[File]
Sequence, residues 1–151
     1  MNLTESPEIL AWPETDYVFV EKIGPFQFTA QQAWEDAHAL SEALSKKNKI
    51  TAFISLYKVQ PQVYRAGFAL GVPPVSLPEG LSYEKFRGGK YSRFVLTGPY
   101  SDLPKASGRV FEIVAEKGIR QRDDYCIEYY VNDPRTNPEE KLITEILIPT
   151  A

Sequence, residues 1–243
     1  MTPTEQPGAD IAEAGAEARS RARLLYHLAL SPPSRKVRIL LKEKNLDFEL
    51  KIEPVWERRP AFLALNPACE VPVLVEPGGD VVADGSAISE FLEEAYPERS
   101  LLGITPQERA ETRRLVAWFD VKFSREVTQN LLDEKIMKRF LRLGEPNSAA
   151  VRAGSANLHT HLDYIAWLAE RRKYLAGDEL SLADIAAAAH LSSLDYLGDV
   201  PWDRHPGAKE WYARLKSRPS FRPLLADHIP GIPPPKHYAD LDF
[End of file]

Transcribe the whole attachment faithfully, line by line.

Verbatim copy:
Sequence, residues 1–151
     1  MNLTESPEIL AWPETDYVFV EKIGPFQFTA QQAWEDAHAL SEALSKKNKI
    51  TAFISLYKVQ PQVYRAGFAL GVPPVSLPEG LSYEKFRGGK YSRFVLTGPY
   101  SDLPKASGRV FEIVAEKGIR QRDDYCIEYY VNDPRTNPEE KLITEILIPT
   151  A

Sequence, residues 1–243
     1  MTPTEQPGAD IAEAGAEARS RARLLYHLAL SPPSRKVRIL LKEKNLDFEL
    51  KIEPVWERRP AFLALNPACE VPVLVEPGGD VVADGSAISE FLEEAYPERS
   101  LLGITPQERA ETRRLVAWFD VKFSREVTQN LLDEKIMKRF LRLGEPNSAA
   151  VRAGSANLHT HLDYIAWLAE RRKYLAGDEL SLADIAAAAH LSSLDYLGDV
   201  PWDRHPGAKE WYARLKSRPS FRPLLADHIP GIPPPKHYAD LDF